Monday, September 19, 2005

Hornets Are Coming to OKC

OKLAHOMA CITY (AP) -- Oklahoma City officials are drafting a proposed lease agreement that will bring the NBA's New Orleans Hornets to the Ford Center to play at least part of their 41-game home schedule.
An announcement is scheduled as early as Monday on plans to temporarily relocate the Hornets to Oklahoma City after Hurricane Katrina devastated New Orleans, making it unfeasible for the team to play its season, which starts in November, in its hometown.
It is still not known how many games, if any, might be played in Louisiana. The Times-Picayune reported Sunday the team would establish most of their base operations in Oklahoma City, but would also keep a smaller office in either New Orleans or Baton Rouge.
Oklahoma City Mayor Mick Cornett said the number of games to be played in Louisiana will be decided by the NBA and Louisiana authorities.
Cornett said a city council meeting will be scheduled Wednesday morning to review the proposed contract. He said he is not sure the public will have a chance to review it beforehand.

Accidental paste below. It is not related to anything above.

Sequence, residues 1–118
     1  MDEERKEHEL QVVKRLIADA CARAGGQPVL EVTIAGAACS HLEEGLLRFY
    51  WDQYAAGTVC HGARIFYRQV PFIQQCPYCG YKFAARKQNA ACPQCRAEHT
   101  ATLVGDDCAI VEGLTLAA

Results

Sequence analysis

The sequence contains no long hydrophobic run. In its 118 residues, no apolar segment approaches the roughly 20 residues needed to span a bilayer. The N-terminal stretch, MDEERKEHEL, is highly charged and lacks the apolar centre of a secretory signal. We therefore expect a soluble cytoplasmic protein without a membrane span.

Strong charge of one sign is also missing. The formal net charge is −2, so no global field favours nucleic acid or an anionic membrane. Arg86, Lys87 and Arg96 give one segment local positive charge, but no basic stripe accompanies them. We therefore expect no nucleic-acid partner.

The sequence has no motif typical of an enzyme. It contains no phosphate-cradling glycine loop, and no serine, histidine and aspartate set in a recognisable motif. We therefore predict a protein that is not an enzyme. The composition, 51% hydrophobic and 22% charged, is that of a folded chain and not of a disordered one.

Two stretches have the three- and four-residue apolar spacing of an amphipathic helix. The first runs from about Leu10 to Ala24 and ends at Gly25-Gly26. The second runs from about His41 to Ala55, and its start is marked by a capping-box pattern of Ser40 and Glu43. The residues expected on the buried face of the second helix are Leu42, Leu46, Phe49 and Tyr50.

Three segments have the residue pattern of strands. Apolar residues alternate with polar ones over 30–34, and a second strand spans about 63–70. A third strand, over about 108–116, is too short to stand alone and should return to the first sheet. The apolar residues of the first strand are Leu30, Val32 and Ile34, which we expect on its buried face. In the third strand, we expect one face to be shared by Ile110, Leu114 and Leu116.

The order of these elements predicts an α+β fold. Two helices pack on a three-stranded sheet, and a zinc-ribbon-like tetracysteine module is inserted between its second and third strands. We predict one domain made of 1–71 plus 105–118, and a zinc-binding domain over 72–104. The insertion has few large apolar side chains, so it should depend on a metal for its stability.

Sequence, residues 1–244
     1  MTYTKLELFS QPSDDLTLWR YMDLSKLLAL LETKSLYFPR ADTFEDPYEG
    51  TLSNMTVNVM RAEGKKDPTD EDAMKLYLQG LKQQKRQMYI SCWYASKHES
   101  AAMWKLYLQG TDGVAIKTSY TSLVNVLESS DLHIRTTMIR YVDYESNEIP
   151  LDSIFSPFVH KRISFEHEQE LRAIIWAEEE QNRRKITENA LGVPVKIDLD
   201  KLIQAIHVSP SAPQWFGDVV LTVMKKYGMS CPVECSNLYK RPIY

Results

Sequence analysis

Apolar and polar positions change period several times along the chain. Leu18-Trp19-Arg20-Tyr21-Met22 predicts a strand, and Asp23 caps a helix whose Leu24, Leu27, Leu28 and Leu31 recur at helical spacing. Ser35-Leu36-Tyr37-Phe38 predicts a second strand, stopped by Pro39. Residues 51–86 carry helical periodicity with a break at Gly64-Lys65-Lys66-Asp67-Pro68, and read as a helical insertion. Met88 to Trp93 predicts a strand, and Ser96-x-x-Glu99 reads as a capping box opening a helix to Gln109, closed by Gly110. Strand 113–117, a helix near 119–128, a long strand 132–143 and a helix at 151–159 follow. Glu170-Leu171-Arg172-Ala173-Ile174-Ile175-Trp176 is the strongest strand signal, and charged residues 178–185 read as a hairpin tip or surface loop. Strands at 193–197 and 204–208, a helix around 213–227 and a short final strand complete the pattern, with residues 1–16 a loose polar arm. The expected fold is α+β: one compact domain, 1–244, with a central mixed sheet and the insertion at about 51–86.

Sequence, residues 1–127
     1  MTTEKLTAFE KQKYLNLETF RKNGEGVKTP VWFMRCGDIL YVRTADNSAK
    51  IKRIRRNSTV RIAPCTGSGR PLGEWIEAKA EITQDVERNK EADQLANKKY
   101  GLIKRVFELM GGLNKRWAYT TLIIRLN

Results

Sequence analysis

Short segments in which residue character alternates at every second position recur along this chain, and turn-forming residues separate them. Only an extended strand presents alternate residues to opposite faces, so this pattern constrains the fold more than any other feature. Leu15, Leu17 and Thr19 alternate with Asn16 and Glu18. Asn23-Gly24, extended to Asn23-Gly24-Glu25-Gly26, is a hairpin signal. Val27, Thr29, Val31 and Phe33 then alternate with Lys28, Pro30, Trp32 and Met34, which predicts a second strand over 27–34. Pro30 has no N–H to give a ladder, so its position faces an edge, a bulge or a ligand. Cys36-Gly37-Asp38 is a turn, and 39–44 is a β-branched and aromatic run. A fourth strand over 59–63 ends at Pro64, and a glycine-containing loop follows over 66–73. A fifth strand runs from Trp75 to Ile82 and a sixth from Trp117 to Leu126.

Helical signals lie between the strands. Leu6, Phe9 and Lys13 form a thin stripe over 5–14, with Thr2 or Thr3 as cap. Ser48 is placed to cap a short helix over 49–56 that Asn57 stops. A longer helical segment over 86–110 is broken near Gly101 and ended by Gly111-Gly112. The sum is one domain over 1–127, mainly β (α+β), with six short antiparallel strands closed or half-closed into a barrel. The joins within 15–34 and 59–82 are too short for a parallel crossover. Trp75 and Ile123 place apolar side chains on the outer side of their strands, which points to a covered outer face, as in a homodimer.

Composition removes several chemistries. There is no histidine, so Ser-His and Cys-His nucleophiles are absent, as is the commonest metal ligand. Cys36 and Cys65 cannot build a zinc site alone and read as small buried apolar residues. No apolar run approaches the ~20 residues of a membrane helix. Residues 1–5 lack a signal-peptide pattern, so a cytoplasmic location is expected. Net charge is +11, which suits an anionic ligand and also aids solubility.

``We're calling a council meeting as soon as we can,'' Cornett told The Associated Press late Sunday. ``Everything is going well, but we still have a few details to work out.''
NBA representatives toured the Ford Center, which seats 19,675 when configured for basketball games, and met with Oklahoma City officials on Sept. 9.
``If the games can't be played in Louisiana for whatever reason, I'm anxious for Oklahoma City to have a chance to prove that it's a major league market,'' Cornett said.
Cornett previously said the agreement will include some expenses the city and state will be asked share as part of the move.
If the team moves to Oklahoma City, it is expected to relocate 100 employees from Louisiana and also hire 50 people locally to do a ``rapid ramp-up'' of telemarketing and ticket sales promotions.
Combined with the players, the team would bring an approximate $50 million payroll to the state -- an incentive, Cornett told The Oklahoman, for the state to share in providing support for the team's expenses.
Rep. Joe Dorman, D-Rush Springs, has said he plans to file legislation that would provide state money to the city to help pay for the teams relocation costs.
``This is not just a good thing for Oklahoma City to host this team while their facilities are rebuilt,'' Dorman said in a statement. ``It also is a promotion for the entire state with teams and fans that would travel here for games and, in turn, a strong boost to our economy.''
Oklahoma City is not the only city that has offered the team a temporary home. Others include Nashville, San Diego, Kansas City, Louisville and Las Vegas.